There’s a reason why he is as regarded today as he was back then. Then, it must be said, there’s also a reason why his views hold as much weight and worth (or value) today as they did back then, when formerly, as the Australia Test and ODI captain, Steve Waugh took charge not just of Australia but commanded respect for his leadership skills.
Well, Steve Waugh, whether you are aware or not, whether you agree or not, is among the most widely-respected and cerebral minds to have ever played the game. For someone who perhaps wasn’t born with the most astounding or natural talents as a batsman, Waugh worked out his flaws and elongated his batting and game to carve a successful career built on the painfully correct tedium.
Waugh exemplified doing the right thing; following the grind, unescaping the painfully correct tedium of focusing and putting a price on his wicket. Never someone who would give it away easily, Steve Waugh was, is respected as much for the heaps of runs he scored as for the situations and oppositions he scored them in. And at the same time, the very fact that Waugh managed to inspire the opponents he often withered away using the customary grit and coolness, Waugh found respect even from the opposition camp: such a rarity, especially in today’s times, one would think, no?
So it is needless to state that when Steve Waugh says something, it is heard, understood, and even presented with a call to action; say something like a nod of approval.
Recently, Waugh was also sought by the Australian Cricket Board to council the Men’s side during the 2019 Ashes series, an outing that resulted in the Aussies retaining the Ashes by drawing level with England, their great rivals, at England.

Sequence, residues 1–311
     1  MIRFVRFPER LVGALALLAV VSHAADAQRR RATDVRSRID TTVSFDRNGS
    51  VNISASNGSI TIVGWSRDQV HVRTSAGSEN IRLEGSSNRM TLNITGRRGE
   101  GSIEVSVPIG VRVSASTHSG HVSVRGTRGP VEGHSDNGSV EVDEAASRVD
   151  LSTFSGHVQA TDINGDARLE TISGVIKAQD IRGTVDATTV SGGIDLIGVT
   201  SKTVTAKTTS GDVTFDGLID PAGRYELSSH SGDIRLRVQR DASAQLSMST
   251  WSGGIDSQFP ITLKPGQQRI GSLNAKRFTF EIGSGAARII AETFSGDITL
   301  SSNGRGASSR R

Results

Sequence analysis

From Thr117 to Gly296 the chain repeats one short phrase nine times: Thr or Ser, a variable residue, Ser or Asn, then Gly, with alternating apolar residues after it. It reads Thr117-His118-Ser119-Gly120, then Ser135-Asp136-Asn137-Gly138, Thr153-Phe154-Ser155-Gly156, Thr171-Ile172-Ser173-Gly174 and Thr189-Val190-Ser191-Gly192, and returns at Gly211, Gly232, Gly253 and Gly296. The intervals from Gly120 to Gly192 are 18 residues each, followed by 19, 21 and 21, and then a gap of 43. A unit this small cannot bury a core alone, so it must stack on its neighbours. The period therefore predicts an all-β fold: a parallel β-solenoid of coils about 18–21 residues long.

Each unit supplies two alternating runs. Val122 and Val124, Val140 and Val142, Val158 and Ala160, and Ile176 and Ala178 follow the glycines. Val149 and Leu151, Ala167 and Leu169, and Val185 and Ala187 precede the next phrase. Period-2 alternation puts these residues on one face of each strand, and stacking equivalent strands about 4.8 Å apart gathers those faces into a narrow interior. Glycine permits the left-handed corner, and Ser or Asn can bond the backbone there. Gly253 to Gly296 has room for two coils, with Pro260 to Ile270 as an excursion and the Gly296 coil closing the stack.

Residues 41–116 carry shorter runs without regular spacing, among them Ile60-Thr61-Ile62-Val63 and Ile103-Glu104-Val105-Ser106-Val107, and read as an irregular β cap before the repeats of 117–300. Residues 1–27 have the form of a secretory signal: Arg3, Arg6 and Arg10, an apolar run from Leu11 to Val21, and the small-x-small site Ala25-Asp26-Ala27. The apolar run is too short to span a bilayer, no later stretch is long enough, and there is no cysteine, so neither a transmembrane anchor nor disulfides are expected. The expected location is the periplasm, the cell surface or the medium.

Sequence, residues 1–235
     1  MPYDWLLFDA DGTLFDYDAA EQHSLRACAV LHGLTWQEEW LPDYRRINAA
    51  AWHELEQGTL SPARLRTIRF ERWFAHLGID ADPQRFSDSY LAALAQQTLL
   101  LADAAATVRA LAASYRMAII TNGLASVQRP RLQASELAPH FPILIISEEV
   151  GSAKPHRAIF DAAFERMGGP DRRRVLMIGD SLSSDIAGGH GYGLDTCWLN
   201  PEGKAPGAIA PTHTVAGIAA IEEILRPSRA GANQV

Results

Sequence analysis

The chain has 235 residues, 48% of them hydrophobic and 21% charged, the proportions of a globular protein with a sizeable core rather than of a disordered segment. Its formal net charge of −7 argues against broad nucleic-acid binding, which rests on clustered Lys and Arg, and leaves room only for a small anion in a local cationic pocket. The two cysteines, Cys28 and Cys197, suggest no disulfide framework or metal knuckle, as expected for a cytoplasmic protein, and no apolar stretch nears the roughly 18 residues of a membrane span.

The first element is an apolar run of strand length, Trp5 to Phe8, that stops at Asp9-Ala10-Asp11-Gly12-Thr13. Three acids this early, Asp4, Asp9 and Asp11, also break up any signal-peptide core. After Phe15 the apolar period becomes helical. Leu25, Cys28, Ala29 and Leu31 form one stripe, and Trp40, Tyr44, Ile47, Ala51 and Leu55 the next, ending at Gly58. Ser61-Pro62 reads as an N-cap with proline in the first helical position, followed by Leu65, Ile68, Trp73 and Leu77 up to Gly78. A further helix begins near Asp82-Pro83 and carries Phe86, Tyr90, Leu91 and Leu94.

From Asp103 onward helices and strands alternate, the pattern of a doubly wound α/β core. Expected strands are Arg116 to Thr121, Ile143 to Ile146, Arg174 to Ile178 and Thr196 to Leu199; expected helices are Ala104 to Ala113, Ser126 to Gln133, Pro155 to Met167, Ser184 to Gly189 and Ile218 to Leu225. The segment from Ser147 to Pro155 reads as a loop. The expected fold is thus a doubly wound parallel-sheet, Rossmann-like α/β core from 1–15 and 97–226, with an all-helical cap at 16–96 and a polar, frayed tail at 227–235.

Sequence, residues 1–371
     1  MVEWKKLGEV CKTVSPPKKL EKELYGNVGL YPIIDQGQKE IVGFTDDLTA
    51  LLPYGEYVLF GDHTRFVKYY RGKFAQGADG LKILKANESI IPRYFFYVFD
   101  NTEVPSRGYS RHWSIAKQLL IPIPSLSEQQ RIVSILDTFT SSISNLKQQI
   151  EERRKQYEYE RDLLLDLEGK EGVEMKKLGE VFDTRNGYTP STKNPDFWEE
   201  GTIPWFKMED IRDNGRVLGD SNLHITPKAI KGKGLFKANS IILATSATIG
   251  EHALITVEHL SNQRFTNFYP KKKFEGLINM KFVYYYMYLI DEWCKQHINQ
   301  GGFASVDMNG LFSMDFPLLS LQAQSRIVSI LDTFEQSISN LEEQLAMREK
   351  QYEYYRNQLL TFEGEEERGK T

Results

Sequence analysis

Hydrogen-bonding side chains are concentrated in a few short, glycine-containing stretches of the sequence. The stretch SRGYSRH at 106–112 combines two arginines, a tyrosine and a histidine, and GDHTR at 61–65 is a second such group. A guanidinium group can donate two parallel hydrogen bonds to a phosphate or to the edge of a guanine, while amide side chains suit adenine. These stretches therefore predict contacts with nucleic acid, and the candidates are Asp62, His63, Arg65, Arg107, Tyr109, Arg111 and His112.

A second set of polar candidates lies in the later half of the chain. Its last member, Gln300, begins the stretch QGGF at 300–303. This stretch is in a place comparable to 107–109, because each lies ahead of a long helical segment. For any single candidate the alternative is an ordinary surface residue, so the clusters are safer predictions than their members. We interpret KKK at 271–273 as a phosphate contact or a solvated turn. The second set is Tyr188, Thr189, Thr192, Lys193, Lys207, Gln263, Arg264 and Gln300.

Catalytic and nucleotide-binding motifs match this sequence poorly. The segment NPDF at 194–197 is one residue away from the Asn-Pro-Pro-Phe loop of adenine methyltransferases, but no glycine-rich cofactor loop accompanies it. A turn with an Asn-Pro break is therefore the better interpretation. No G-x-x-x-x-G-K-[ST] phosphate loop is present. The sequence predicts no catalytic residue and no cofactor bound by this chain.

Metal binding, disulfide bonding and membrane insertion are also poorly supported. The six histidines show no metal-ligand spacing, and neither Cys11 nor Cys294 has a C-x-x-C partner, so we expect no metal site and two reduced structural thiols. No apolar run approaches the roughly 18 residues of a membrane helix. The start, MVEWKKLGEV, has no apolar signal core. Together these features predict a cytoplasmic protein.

Now, Steve Waugh has expressed his feelings about the so-called Big 3; three of the biggest cricket governing bodies or to put it simply, cricket boards that are not only the strongest but also the most profitable among all cricket playing nations at the moment.
At the moment, it is important to reinstate the feeling and what could be called an existential reality, only 3 Test playing nations enjoy the large chunk of the game’s pie, whether its revenues or representation of the sport in its entirety, these being- England, India, and Australia.
To that end, here were the responses made by Steve Waugh on the prevailing situation:
There is no point having it if you just have three strong nations. We have to develop countries like Zimbabwe, Ireland, Sri Lanka and Bangladesh. Money needs to go to those countries too. I understand it’s a business and the ‘Big 3’ want more than everyone else, but if they want the game to thrive and survive, you definitely have to share and develop other countries.”
That being said, the legendary New South Wales batsman and former captain of the Australian team- a man who was part of the iconic Aussie set up of the invincible 90s side- also shared some thoughts about the idea to trim down the duration of Test matches.
Steve Waugh, it is reported, didn’t seem a fan of the idea of trimming down the number of days in Test cricket, something that’s been debated for a while in order to reinstate the interest and familiar love for the longest format, also regarded as the classic form of the gentleman’s sport.
To that end, here’s what Waugh had to say:
“There are too many changes going around these days. There is nothing wrong with tradition. Some of the best Test matches go till the fifth day. I think if the length of Test matches is reduced then the standard of cricket will drop. Spinners will go out of the game,” he further added.
Finally, the great Steve Waugh expressed his liking for, and therefore, backed up the idea of day-night Tests. He would promptly share, ” It is great. It is a great opportunity, a great spectacle. One will never forget playing in a day-night Test in Australia.”